Falling prices, however, have downsides.  Today, the stock market tumbled because energy stocks are under stress.  The more vulnerable oil producing nations might default on their sovereign debt (think Venezuela, and maybe others).  Many oil frackers are heavily leveraged, and they could start defaulting as their cash flow sputters.  Some financial market players are surely taking losses on falling currencies of many oil producing nations (the ruble being Exhibit A).  More opaquely, but perhaps of great concern, big banks, hedge funds and other financial market players might well be taking losses on derivatives contracts bets linked to the price of oil or the currencies of oil producing nations.  With oil price losses approaching the 50% level in the past few months, it looks like we have a bursting bubble on our hands--and the potential for another financial crisis.

Recall that it wasn't falling real estate prices alone that triggered the 2007-08 financial crisis.  It stemmed from a poisonous synergy of massive quantities of poorly underwritten mortgage loans, falling real estate prices, defaulting mortgage borrowers (many of whom didn't have the ability to repay the loans, measured by any reasonable standard), a compounding of the losses because falling prices precluded the availability of refinancing, the massive impact of these losses on the financial system through diverse and obscure derivatives contracts not well understood by market players and regulators, and, ultimately, a surprising concentration of losses onto a single entity (AIG-Financial) to which numerous key players in the financial system had unmanageable exposures.  Only an unprecedented bailout by the federal government prevented the collapse of the world financial system.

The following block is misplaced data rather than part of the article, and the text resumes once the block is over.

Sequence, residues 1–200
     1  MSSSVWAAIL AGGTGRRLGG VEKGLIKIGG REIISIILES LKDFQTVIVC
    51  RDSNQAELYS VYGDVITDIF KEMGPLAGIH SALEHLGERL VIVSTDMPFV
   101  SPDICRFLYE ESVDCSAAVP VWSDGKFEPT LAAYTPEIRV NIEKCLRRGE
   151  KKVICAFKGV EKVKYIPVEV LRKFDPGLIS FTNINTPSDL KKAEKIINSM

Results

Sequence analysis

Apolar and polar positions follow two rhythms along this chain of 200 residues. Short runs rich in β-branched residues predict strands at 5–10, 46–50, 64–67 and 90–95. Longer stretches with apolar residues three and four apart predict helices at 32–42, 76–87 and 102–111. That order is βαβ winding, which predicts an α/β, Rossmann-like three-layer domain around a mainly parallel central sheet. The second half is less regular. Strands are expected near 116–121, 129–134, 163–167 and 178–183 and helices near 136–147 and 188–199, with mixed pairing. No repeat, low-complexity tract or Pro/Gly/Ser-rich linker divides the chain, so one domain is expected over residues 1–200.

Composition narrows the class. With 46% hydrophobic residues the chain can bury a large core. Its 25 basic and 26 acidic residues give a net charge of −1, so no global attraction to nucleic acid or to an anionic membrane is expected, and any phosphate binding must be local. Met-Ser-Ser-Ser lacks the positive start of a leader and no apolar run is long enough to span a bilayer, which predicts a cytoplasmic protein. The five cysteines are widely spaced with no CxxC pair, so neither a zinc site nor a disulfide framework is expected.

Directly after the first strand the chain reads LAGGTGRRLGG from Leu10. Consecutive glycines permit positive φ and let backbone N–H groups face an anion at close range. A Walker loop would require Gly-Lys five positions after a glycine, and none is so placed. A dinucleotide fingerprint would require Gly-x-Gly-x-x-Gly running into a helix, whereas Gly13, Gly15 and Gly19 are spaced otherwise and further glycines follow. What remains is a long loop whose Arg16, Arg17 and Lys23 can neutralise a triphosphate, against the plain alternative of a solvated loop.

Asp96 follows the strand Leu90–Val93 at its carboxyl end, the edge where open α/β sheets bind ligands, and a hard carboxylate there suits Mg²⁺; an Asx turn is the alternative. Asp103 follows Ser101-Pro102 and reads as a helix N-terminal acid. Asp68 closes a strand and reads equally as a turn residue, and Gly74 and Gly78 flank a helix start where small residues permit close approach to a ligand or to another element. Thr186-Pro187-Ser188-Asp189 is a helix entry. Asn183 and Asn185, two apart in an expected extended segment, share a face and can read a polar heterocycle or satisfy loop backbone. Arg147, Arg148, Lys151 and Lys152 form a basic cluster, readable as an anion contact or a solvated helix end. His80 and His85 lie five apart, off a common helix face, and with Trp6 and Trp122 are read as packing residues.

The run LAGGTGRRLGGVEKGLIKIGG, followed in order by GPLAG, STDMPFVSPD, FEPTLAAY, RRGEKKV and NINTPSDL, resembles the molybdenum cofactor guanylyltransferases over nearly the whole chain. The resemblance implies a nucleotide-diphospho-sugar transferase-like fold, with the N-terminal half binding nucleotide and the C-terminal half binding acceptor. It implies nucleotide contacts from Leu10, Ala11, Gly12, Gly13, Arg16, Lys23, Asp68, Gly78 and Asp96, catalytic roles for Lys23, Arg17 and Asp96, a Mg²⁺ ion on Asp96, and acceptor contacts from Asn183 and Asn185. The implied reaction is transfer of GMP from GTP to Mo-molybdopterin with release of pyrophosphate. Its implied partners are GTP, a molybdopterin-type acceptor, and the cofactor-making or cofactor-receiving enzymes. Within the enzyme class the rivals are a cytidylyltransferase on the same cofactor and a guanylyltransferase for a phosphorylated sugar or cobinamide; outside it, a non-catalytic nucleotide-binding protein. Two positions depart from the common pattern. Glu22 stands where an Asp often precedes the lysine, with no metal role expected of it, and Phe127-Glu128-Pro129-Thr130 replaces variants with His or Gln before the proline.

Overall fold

A sharp fall in oil prices doesn't necessarily mean the financial system is at risk.  There was a proportionately larger oil price fall in the middle of the 1980s which didn't result in a financial collapse (although this occurred before the evolution of complex derivatives markets that allow risk to metastasize with blinding speed).  Another big drop in oil prices in 2008-09 also didn't tip the big banks into bankruptcy (although they were already in major bailout mode by this time because of the mortgage crisis, so this instance may not prove much). 

But the proliferation of risks created by today's highly imaginative financial engineering can mean that any major drop in the price of a key asset like oil could surprise us in unpleasant ways.  One lesson from the 2008 financial crisis is that regulators didn't know where the hot tamale would land, until it hit the fan.  Regulators worldwide should be sending their examination SWAT teams into the major money center banks and other key financial institutions to scope out the direct, secondary and tertiary impacts of falling oil prices.  And that should be now--as in right now--not weeks or months from today when it may be too late to take protective action.